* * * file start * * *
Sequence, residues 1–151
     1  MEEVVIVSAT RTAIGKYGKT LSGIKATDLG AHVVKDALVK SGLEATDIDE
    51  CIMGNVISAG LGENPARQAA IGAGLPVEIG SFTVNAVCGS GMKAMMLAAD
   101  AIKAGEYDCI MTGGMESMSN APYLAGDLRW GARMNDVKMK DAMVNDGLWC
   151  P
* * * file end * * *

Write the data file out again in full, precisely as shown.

Sequence, residues 1–151
     1  MEEVVIVSAT RTAIGKYGKT LSGIKATDLG AHVVKDALVK SGLEATDIDE
    51  CIMGNVISAG LGENPARQAA IGAGLPVEIG SFTVNAVCGS GMKAMMLAAD
   101  AIKAGEYDCI MTGGMESMSN APYLAGDLRW GARMNDVKMK DAMVNDGLWC
   151  P